Long-awaited notice allows individual and corporate donations made directly to a single-member LLC to be treated as donations made to the parent 501(c)(3) organization.
Many Section 501(c)(3) organizations establish single-member LLCs (SMLLCs) to conduct certain activities or to hold real estate or other assets. A common reason for establishing an SMLLC is to provide liability protection for the parent 501(c)(3) organization with respect to the SMLLC's activities. These SMLLCs are generally treated as "disregarded entities" for federal tax purposes, and their income and expenses are reported directly on the Forms 990 filed by the parent organizations. Although the Internal Revenue Service (IRS) has previously held that private foundation grants to SMLLCs are treated as grants made directly to their 501(c)(3) parents, see I.R.S. Gen. Info. Ltr. 2010-0052, (June 25, 2010), available here, it has, until now, declined to hold that contributions made directly to SMLLCs by individuals and corporations are deductible as charitable contributions to the 501(c)(3) parents. The lack of favorable IRS guidance on the treatment of donations to SMLLCs has hampered charitable gift planning for many 501(c)(3) organizations, particularly with respect to donations of real estate and other assets that are commonly held through special-purpose SMLLCs.
On July 31, the IRS issued I.R.S. Notice 2012-52 (July 31, 2012), available here, confirming that, if all other requirements of Section 170 are met, donations to domestic SMLLCs established by U.S. 501(c)(3) organizations are treated, for deductibility purposes, as charitable contributions to their parent organizations. This notice, issued in time for the year-end giving season, will allow 501(c)(3) organizations to establish SMLLCs to receive donations of real estate and other special purpose assets, and will facilitate direct charitable fundraising for programs and activities conducted by SMLLCs. The notice confirms that, even though the donation is made directly to the SMLLC, for tax purposes, it is treated as a donation made to the parent 501(c)(3) organization, which has responsibility for issuing the proper acknowledgement letter to substantiate the taxpayer's donation. The notice suggests that the parent 501(c)(3) organization's acknowledgement letter should disclose that the gift was made to an SMLLC, which would avoid potential confusion caused by the name of the donee being different from the name of the organization providing the acknowledgment letter.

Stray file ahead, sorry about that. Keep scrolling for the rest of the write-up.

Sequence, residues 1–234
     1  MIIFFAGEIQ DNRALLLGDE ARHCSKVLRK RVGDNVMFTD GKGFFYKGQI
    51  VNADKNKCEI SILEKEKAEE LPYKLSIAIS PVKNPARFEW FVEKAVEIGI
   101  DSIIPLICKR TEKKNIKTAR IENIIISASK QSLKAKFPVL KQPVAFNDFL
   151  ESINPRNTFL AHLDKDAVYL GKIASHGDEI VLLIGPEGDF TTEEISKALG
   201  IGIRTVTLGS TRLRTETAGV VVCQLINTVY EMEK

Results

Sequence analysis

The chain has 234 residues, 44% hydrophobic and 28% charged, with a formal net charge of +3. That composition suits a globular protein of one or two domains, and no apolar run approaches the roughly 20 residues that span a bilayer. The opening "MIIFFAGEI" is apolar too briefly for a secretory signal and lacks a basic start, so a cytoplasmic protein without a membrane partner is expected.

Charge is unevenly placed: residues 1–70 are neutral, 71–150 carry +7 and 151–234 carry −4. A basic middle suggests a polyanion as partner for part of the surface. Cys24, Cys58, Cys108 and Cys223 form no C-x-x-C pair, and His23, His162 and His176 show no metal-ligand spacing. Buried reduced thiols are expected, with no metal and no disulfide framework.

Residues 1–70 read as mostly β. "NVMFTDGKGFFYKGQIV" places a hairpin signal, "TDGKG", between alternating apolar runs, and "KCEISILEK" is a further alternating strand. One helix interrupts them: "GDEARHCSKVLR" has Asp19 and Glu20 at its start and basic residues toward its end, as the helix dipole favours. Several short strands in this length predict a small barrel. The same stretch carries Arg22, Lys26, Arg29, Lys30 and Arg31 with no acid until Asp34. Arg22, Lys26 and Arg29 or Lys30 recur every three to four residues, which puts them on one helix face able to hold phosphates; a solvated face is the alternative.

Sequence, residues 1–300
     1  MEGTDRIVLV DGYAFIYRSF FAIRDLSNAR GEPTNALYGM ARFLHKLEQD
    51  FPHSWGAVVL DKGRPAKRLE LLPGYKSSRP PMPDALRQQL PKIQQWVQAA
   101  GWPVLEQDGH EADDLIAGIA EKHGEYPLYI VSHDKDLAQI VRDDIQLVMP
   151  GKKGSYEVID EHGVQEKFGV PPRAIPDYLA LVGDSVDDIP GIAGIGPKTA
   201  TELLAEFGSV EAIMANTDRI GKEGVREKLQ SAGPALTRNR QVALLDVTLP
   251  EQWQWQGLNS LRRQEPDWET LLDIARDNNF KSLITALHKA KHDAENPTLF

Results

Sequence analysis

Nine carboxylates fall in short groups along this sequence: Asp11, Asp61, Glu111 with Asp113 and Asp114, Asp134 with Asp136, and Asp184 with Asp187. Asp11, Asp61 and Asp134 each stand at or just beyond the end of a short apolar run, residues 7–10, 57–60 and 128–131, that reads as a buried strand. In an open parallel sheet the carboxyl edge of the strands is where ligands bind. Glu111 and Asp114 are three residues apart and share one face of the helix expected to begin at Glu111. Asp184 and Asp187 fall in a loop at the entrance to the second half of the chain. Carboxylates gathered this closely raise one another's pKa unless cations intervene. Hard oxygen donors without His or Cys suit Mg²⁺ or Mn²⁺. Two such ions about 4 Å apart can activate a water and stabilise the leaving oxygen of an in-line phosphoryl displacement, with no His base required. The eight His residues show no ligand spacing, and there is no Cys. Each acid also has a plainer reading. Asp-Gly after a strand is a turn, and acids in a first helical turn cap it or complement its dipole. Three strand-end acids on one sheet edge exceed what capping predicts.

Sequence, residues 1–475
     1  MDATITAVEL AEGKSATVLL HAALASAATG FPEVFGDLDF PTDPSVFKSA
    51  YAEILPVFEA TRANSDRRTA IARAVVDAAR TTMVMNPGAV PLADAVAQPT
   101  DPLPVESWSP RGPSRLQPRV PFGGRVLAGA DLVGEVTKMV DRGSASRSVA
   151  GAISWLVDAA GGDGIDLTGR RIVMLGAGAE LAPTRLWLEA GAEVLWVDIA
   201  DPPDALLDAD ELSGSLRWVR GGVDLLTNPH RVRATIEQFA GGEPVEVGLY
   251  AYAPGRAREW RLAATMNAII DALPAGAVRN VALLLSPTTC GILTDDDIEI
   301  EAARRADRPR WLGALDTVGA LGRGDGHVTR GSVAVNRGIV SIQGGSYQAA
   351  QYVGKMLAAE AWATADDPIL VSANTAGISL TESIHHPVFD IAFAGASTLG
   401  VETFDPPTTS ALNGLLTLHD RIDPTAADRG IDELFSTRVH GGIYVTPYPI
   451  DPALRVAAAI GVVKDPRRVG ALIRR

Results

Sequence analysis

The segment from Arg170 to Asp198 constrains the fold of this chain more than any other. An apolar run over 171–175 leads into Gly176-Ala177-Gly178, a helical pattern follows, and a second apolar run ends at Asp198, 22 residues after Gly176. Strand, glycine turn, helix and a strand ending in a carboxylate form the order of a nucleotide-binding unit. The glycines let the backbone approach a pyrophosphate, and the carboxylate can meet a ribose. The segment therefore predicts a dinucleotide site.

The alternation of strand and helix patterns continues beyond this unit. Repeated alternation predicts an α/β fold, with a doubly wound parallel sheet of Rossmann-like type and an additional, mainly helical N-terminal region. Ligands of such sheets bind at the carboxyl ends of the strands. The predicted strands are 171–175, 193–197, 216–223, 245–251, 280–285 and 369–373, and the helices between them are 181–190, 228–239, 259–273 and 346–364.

The notice is effective for charitable contributions made on or after July 31, 2012; however, taxpayers may rely on the notice retroactively for tax years for which they are permitted to claim a credit or refund under Section 6511.